School breaks can interfere with a previously agreed-upon child custody agreement. Parents may need to rearrange their schedules to accommodate children being home full-time during the summer months. Summer break can also bring up disagreements related to taking the child on a family vacation, which could affect their time with the other parent.
Tips to Navigate Summer Break with a Child Custody Agreement
Here are a few tips that you and your ex-spouse may find helpful in navigating a child custody agreement during summer break:
1. Review the Agreement and Make Necessary Changes Before Summer Break
It can be helpful to get together before the end of the school year to decide where the child will spend most of their time. Perhaps one parent works full-time and can’t be home with the kids during the day. If both parents work, you may need to come up with alternative arrangements during the summer such as a full-time babysitter or summer program.
2. Discuss Vacation Expectations Ahead of Time
Discussing vacation plans and expectations ahead of time helps everyone plan accordingly. Try to plan summer vacations before the end of the school year so your ex-spouse knows what to expect. If possible, work around each other’s schedules and allow the child to take a vacation with each of their parents.
3. Give the Other Parent More Time Over the Summer
The school year can make it so one parent ends up spending the majority of the time with their child. Use the summer to allow your child to spend more time with the other parent. You may decide to have them spend a couple of weeks, or even months, with the other parent. You can even use this time to take your own vacation.
4. Take Advantage of Scheduling Apps
Summer break can lead to a lot of schedule changes for everyone. Taking advantage of scheduling apps can ensure that everyone knows where they’re supposed to be, and when.
Summer break doesn’t have to be difficult for divorced families. Use this break from school for your child to catch up on time with a parent they may not get to see as often.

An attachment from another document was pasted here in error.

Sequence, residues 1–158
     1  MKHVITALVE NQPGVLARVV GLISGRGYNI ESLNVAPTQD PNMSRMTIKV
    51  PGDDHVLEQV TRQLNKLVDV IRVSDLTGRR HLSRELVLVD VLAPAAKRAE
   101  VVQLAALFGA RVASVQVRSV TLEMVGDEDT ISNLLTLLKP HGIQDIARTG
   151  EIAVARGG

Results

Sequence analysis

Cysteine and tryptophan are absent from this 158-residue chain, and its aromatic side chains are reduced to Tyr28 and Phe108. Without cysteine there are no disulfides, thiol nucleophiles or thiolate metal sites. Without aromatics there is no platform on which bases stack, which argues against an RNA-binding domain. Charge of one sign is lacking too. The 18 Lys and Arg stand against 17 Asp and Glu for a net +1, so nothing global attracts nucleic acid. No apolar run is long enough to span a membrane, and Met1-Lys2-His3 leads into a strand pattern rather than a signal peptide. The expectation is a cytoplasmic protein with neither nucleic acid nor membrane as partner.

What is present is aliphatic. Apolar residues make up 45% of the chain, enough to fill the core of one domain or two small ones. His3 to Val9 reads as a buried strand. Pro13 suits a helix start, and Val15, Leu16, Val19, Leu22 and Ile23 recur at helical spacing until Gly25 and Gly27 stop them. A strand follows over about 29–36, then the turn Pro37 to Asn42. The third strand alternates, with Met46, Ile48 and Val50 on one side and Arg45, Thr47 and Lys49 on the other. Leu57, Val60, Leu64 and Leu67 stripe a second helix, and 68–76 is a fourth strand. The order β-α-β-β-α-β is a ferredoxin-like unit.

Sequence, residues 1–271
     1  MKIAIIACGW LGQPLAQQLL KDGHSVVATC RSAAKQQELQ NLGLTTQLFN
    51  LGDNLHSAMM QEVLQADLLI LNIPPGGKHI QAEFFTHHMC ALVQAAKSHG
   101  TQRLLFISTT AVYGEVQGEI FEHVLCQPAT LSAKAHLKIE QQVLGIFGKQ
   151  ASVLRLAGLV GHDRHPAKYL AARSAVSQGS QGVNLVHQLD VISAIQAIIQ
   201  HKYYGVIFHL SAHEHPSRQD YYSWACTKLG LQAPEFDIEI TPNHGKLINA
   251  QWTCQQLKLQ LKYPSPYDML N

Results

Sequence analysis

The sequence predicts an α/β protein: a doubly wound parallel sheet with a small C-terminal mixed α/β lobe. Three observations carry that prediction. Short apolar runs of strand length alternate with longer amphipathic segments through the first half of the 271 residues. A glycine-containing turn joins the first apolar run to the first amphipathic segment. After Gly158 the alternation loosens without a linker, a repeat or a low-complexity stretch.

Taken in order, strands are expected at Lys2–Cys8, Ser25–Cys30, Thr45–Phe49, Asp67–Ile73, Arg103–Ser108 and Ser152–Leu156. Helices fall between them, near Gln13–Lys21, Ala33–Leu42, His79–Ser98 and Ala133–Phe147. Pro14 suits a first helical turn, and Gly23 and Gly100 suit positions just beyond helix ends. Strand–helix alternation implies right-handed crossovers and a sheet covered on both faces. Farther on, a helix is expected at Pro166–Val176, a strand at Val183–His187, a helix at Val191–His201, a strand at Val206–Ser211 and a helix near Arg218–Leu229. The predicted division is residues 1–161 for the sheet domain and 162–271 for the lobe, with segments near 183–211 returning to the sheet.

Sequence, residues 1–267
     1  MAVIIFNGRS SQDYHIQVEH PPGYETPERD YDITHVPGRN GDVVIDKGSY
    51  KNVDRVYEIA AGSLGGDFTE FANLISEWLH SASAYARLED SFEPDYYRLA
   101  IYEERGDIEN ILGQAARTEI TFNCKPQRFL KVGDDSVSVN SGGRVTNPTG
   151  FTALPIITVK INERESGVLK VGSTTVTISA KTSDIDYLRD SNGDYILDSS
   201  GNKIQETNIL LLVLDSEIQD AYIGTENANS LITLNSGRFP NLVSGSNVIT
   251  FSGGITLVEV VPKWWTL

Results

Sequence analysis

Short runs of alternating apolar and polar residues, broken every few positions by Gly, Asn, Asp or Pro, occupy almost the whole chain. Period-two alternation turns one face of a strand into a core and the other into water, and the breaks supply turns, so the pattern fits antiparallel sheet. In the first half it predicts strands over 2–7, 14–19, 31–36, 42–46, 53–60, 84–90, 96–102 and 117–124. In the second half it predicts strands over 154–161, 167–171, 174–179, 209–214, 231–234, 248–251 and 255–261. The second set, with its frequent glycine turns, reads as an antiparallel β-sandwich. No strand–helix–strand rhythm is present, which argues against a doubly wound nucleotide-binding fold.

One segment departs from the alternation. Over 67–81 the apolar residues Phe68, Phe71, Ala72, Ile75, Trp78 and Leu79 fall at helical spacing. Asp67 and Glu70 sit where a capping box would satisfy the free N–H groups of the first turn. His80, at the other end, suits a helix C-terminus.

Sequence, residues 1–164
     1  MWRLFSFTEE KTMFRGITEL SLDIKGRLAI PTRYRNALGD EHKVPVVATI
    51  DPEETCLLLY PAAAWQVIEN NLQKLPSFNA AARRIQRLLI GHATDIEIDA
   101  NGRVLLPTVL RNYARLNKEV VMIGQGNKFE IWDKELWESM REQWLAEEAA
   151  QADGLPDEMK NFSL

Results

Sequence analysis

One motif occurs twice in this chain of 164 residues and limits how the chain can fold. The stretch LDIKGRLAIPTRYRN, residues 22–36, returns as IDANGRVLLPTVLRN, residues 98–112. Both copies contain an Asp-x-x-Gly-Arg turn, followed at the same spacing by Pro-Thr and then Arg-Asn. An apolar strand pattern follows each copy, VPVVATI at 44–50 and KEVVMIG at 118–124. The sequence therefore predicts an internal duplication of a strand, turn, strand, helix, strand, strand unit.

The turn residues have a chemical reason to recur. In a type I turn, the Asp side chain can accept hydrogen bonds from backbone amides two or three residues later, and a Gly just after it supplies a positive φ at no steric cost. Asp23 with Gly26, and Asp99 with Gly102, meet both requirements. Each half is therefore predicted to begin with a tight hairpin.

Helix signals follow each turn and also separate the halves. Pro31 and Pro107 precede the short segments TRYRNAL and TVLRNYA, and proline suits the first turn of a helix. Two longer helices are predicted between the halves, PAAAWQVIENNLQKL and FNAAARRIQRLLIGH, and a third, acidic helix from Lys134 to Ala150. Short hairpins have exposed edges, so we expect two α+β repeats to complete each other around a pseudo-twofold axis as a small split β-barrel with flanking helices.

How to Handle Summer Break Disagreements
Disagreements are possible when schedules change and you and your ex-spouse may be responsible for making adjustments to a child custody agreement. Try to navigate disagreements by keeping your child’s best interests in mind. You may not want to deal with the inconvenience of sending them away to the other parent’s house, but it may be the only quality time they get with them all year.
If you and your spouse are still unable to come to an agreement, it may be worth it to work with a negotiator. A negotiator can help you find a situation that works for everyone. If you are still unable to find something that works for the whole family, it may be necessary to go back to court and have the child custody agreement amended. In most cases, a child custody agreement also considers school breaks though.
Contact a Mount Laurel County Family Law Attorney for a Consultation About Child Custody in New Jersey Today
If you are thinking about filing for divorce, or if you have already started the divorce process and are dealing with another matter such as child custody, child support, or division of assets, you need to speak with a qualified attorney. The New Jersey family law attorneys at Cordry Hartman LLC represent clients throughout the state, including Moorestown, Cherry Hill, Evesham Township, and Mount Laurel. We understand how challenging this time can be for you, which is why we will fight hard to protect your interests, and the interests of your loved ones, throughout the legal process. Call us at 856-452-4474 or fill out our confidential contact form to schedule a consultation. We have an office conveniently located at 505 S Lenola Rd Ste 224 Moorestown, NJ 08057.
The articles on this blog are for informative purposes only and are no substitute for legal advice or an attorney-client relationship. If you are seeking legal advice, please contact our law firm directly.